Dr. Calkins: Treating patients as people, and making sure they know you consider them a person and not only a medical case or customer is important. So is hiring individuals who genuinely care and enjoy what they do.
Joy Graves-Rust, Coordinator, Patient Satisfaction Measures, IU Health North Hospital (Carmel, Ind.): One of the greatest strengths of IU Health North Hospital has been doing what's right for the patient and family because it's the right thing to do. When done automatically with an intention that is authentic and not mandated, the experience has the potential to become transformational. From the beginning, executive leadership has lived the culture and has extended service not only to our visitors and guests but also to associates and volunteers. The impact of this must not be underestimated as it sets a standard and expectation that has become ingrained in the culture of IU Health North Hospital.
Q: What are some of the challenges of improving patient experience?
Ms. Breitfelder: I think all hospitals in the U.S. have to do more with less. All hospitals have to be very efficient with staffing, for example. The bar is also being raised because everyone is trying to improve patient satisfaction scores — you can't just meet expectations anymore, you have to exceed them. Patients are really looking for a 5-star hotel experience when they come to the hospital now. And the final challenge is keeping all your employees engaged.
Mr. Yust: Changes are not immediate and instant. Improving the patient experience takes initiative, dedication and time.
Ms. Graves-Rust: In the world of regulatory compliance, documentation and gadgets, it can be difficult to maintain perspective or take a step back and examine processes. Individuals from all areas of the facility — clinical care to support services — are busy providing the best in service and clinical care each and every day. The challenge then becomes how we identify improvement initiatives and introduce or change behaviors that will allow us to step up our level of service in a way that's easily adopted, understood and integrated into the everyday routines the associates impacted.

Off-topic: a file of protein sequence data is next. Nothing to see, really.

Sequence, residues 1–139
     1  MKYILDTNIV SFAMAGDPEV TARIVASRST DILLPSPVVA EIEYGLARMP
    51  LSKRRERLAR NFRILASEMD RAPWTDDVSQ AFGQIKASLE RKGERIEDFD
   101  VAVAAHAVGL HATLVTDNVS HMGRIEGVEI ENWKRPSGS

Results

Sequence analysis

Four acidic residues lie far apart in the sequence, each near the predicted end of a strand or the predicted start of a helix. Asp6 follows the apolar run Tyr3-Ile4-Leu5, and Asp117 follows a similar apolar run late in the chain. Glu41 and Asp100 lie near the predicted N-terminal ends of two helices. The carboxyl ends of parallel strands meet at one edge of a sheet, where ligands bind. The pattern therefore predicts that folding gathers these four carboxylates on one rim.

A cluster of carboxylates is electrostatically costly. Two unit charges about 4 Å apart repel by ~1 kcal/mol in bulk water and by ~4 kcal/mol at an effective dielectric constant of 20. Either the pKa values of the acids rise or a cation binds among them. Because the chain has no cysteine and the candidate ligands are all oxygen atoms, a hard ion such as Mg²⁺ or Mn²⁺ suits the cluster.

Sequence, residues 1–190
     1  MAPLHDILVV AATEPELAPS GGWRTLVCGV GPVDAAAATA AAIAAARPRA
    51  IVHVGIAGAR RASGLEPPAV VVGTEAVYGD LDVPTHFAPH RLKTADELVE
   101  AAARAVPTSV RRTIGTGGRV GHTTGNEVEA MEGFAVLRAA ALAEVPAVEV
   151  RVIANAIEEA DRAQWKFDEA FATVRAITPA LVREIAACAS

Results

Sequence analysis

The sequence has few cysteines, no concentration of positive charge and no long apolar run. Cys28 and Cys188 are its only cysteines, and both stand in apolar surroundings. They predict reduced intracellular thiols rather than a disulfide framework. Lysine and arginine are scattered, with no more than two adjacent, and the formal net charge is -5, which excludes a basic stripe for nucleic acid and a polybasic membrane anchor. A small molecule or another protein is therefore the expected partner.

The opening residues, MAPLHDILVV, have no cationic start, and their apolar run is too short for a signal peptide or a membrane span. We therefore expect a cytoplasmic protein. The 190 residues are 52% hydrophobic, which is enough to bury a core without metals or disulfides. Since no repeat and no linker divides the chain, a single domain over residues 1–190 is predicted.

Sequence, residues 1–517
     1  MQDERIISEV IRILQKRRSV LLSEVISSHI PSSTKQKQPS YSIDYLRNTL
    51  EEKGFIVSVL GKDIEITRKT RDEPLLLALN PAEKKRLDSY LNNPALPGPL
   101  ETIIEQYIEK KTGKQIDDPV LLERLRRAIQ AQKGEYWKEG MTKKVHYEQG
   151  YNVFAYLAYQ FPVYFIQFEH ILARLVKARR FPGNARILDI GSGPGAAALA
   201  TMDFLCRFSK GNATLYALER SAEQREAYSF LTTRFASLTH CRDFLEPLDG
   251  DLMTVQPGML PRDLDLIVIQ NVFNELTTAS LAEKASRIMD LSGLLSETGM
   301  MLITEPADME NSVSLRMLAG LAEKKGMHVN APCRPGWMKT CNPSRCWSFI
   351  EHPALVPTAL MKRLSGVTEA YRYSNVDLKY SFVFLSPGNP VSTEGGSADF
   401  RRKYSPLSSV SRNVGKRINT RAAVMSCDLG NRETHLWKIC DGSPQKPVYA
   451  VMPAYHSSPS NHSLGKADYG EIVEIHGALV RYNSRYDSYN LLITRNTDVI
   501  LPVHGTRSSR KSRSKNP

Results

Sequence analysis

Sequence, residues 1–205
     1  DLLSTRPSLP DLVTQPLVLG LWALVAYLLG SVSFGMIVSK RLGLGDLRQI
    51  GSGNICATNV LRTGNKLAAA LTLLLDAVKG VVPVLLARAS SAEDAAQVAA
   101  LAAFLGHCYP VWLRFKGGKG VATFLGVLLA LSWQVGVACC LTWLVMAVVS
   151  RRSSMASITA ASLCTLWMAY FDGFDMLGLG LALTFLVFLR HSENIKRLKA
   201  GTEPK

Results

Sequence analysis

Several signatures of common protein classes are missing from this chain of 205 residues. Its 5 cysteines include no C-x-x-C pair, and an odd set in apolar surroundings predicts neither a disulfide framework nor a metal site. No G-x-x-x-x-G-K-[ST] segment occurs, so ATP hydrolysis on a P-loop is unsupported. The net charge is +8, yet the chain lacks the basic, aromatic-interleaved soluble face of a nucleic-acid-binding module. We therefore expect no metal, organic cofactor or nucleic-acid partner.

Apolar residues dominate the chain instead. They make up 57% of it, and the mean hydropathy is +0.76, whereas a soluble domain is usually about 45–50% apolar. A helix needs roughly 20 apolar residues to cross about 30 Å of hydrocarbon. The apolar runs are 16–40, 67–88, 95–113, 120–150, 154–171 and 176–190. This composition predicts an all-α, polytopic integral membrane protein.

Q: How would you recommend overcoming these challenges?
Ms. Breitfelder: First, you have to stay focused and keep an eye on your scores. Look at them weekly, if not more often. And I think you need to share the scores with all of your employees. Keep it transparent. Communication is key, and so is keeping your front-line employees engaged through celebrating successes not only at the hospital level but also at the unit level.
Ms. Broms: It is really important that healthcare organizations take out processes that do not add value or detract from the patient experience. We use the patient experience as a litmus test. If we are going to make change and if we quantify that it will result in a negative patient experience then we don't implement that change until we have a way to mitigate the negative patient experience, irregardless of the financial impact.
Q. What advice do you have for healthcare organizations trying to improve patient experience?
Ms. Breitfelder: One of the easiest things you can do is talk to hospitals with great scores. See what works for them and what you can incorporate into your own organization. The support needs to start at the C-suite level to improve patient experience. Then you need to set expectations for your facility and communicate the same message to everyone. When you do roll out process changes, you need to keep an eye out for consistency and continue to get employee input. At Columbus Regional, we have a value system put into place called ACE IT, which stands for attitude, commitment, enthusiasm, innovation and teamwork. We tell our employees the importance of ACEing IT every day.
Jonathan Goble, CEO, IU Health North Hospital (Carmel, Ind.): Organizations should stop focusing on the patient survey numbers and genuinely focus on the corporate culture of their staff because doing so fosters a sense of respect and value from the organization. When the staff feels respected and valued by their organization, they respect and value the patient.